With stock shortages increasingly prevalent in the residential property market in South Africa – particularly in sought after metro areas and popular hubs, some may believe that with a return to a sellers’ market, pricing a home to sell in the quickest possible time is a simple matter.
This is not necessarily so, says Pam Golding Properties. Selling your home is a big decision and one that requires a great deal of thought and planning. While understandably, sellers look to achieve the best price for their home, home buyers and investors are savvy and street-wise – they are researching the market to gain a good perspective on properties on the market in their preferred suburbs and are only prepared to pay realistic, market-related prices.
Ensuring the property is correctly priced is critical. Today’s buyers have easy access to a wealth of information and so they are well educated regarding the residential property market and do their homework before committing to a purchase.
Pricing a home to sell requires a subjective view of the property, says Stuart Millar, Pam Golding Properties area principal in uMhlanga and uMdloti. “Sometimes people start at the ‘wrong’ end and work backwards, by looking at how much they’ve spent on the property and what they’d like to achieve for it. It’s advisable to consult a qualified and experienced agent in the area who knows what prices have actually been achieved for comparable homes in the recent past.”
Ling Dobson, PGP area principal in Knysna and Plettenberg Bay concurs: “We often hear, ‘I’m upgrading to a larger home and I need my house to sell for ‘Rx million’ otherwise I won’t be able to acquire the property I want.”
Most suburbs have a ceiling price which obviously fluctuates with market conditions, says Laurie Wener, MD for Pam Golding Properties in the Western Cape’s Cape Town metro region. If the costs of building and renovating exceed that which can realistically be obtained in the market place, then this is over-capitalisation. However, over-capitalisation can be reduced by capital growth achieved over the time that the property is held.”
Greta Daniel, sales and operations manager for Pam Golding Franchise Services agrees, and says a suburb’s ceiling price can best be ascertained by an area specialist, based on historical knowledge of the area and backed up by data such as the Pam Golding Residential Property Index, which combines information based on the ‘repeat sales’ methodology incorporating residential property transactions registered at the Deeds Office – as well as other data sources across the country’s residential property market, including Lightstone and PGP’s own extensive sales data.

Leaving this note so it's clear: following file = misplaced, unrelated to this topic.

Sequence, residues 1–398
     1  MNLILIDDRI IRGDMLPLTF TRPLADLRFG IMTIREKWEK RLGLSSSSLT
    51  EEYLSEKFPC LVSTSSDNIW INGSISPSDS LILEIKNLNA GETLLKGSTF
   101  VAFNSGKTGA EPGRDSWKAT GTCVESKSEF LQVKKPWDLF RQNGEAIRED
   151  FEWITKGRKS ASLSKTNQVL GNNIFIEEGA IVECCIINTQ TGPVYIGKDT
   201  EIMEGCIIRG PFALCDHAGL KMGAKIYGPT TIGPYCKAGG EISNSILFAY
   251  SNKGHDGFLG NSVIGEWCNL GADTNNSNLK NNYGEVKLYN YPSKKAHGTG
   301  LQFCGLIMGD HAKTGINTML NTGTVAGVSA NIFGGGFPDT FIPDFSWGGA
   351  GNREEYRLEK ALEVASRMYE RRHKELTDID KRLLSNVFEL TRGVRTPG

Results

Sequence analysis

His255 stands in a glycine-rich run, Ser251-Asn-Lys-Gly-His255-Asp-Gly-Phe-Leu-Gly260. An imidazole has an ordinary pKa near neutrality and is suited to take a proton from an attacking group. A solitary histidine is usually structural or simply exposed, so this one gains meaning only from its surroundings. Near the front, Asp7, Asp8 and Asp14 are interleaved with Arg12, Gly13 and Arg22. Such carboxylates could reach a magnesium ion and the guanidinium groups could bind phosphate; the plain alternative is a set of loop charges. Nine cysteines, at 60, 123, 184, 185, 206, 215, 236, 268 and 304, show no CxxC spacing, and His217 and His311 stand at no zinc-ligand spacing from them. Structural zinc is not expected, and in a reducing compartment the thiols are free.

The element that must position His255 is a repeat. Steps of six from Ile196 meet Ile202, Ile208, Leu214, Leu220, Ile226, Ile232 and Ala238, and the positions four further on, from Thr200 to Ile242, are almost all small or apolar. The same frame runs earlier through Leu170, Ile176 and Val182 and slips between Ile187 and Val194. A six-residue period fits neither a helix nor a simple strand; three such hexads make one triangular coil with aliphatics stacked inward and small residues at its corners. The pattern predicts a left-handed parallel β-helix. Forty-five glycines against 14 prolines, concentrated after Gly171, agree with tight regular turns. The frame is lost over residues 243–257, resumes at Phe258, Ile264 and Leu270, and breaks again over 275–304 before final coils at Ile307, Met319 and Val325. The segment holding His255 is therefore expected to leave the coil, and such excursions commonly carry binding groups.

“This professional knowledge, together with commitment by the seller and agent on a sole mandated marketing drive, will deliver the best results for the seller and buyer. Multi-listing services where agents deposit the stock in a common pool and have no accountability, invariably result in time lost and the seller having to accept the lowest price from competing agents,” says Daniel.
A misconception is that simply considering asking prices of properties advertised for sale provides a good idea of what these properties are actually worth. “As these properties have not yet sold, the asking prices may be too high, and some of them may have been sitting on the market for some time,” says Annien Borg, MD for Pam Golding Properties in the Boland and Overberg regions. “One should rather look at properties which have sold and this is where a professional estate agent comes in. A reputable agent with a sole mandate on a property will not – as some may incorrectly assume – put a low value on a property in order to sell quickly.”
The correct market-related price will ensure that your home is priced to sell. As a starting point, consult an experienced and qualified agent in the area to conduct a comparative market analysis of similar homes which sold recently in your neighbourhood. However, as Wener points out, a comparative market analysis (CMA) only permits pricing on a historic basis, which can result in undervaluation in a bullish market.